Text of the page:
to the current exhibition
Women war photographers. From Lee Miller to Anja Niedringhaus
Contrary to the widely held notion that war photography is a male preserve, there is a long history of women photographers working in war zones.
8 March – 10 June 2019
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Contrary to the widely held notion that war photography is a male preserve, there is a long history of women photographers working in war zones. Just like their male colleagues, they have documented crises worldwide and played a decisive role in shaping our image of war. As opposed to their male counterparts, women photographers often gained unrestricted access to families in their homes, of whom they took particularly emotional portraits. What is more, they worked at the front lines and took pictures of war victims that do not spare the viewer.
The exhibition presents around 140 works by eight women photographers from the past eighty years, among them Carolyn Cole (*1961), Françoise Demulder (1947–2008), Catherine Leroy (1944–2006), Susan Meiselas (*1948), Lee Miller (1907–1977), Anja Niedringhaus (1965–2014), Christine Spengler (*1945) and Gerda Taro (1910–1937). The photographers, whose subjects range from the European conflicts of the 1930s and 1940s to recent wars around the globe, employ a variety of photographic styles and strategies and tell their stories in many different ways, switching from neutral objectivity to raw directness or sympathetic engagement and empathy. They include intimate glimpses of daily life in wartime as well as evidence of shocking atrocities or illustrations of war’s absurdity and its dire consequences.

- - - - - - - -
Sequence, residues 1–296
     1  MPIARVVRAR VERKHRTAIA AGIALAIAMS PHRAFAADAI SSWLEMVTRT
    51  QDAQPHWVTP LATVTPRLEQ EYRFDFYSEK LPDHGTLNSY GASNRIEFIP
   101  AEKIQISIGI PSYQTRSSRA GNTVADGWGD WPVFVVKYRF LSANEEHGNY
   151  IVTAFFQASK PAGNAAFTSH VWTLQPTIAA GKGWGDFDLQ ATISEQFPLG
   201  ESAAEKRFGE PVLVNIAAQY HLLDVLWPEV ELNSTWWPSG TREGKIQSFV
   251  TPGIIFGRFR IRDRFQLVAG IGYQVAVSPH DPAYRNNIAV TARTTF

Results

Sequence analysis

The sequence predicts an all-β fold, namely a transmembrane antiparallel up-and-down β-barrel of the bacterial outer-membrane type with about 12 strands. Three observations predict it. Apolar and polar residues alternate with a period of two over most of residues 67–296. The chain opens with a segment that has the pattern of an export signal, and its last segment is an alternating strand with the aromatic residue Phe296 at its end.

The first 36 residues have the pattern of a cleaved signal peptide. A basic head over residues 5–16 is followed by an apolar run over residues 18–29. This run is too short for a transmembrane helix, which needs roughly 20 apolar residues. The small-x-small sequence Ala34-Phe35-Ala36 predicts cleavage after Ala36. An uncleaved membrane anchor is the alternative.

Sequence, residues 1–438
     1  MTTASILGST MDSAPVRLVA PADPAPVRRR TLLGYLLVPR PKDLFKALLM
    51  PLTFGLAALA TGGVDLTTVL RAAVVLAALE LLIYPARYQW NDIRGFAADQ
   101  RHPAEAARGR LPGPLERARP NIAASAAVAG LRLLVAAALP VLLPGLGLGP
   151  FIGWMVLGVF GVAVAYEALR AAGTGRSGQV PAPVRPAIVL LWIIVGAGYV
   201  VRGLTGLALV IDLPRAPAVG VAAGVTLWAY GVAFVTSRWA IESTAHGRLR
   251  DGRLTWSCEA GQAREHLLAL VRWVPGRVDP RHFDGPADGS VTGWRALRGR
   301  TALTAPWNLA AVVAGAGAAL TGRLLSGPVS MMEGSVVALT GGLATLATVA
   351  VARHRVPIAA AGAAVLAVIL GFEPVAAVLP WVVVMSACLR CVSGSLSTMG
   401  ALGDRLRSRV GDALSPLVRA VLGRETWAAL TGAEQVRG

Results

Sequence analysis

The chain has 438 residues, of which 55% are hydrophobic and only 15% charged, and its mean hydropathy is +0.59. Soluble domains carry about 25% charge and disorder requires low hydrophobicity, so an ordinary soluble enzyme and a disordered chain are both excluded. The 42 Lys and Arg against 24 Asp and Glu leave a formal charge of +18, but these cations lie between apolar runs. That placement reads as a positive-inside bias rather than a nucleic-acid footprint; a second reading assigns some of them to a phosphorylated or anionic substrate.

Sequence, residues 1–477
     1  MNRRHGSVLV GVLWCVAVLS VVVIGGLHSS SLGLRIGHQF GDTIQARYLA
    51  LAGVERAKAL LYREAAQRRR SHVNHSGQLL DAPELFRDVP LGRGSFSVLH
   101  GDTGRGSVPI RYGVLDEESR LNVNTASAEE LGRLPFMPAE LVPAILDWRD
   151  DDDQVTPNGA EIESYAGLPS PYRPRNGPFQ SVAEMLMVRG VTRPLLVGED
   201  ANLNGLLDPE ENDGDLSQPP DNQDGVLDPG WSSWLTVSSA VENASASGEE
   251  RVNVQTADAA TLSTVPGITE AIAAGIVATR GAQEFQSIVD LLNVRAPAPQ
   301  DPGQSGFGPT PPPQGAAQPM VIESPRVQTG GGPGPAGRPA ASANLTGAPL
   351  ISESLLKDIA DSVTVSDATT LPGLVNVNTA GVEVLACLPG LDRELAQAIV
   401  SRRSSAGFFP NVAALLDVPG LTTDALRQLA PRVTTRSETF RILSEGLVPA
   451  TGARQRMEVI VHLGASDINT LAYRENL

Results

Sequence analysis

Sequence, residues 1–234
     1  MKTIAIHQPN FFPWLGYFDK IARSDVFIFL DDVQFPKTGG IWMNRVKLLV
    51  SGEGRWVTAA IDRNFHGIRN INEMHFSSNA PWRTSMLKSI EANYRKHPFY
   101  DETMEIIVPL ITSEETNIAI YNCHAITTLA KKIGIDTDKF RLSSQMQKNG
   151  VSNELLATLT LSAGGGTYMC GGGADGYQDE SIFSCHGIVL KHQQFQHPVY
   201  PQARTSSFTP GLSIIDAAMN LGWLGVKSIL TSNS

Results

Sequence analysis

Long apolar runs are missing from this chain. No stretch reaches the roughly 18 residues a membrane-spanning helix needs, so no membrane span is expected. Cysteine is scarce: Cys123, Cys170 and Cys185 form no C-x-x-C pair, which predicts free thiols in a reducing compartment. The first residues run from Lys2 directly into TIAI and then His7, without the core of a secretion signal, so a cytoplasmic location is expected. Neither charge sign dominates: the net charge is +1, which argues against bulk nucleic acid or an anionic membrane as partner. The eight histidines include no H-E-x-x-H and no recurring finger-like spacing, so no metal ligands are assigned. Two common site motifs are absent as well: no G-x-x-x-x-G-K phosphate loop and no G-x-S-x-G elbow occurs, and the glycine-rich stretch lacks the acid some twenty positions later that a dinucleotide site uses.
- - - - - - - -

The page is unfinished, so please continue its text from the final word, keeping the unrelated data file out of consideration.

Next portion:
Kuratorinnen: Anne-Marie Beckmann, Felicity Korn
Anja Niedringhaus | Amerikanische Marineinfanteristen führen eine Razzia im Haus eines irakischen Abgeordneten im Stadtteil Abu Ghraib durch; Bagdad, Irak, November 2004 Kunstpalast, Düsseldorf, © picture alliance/AP Images67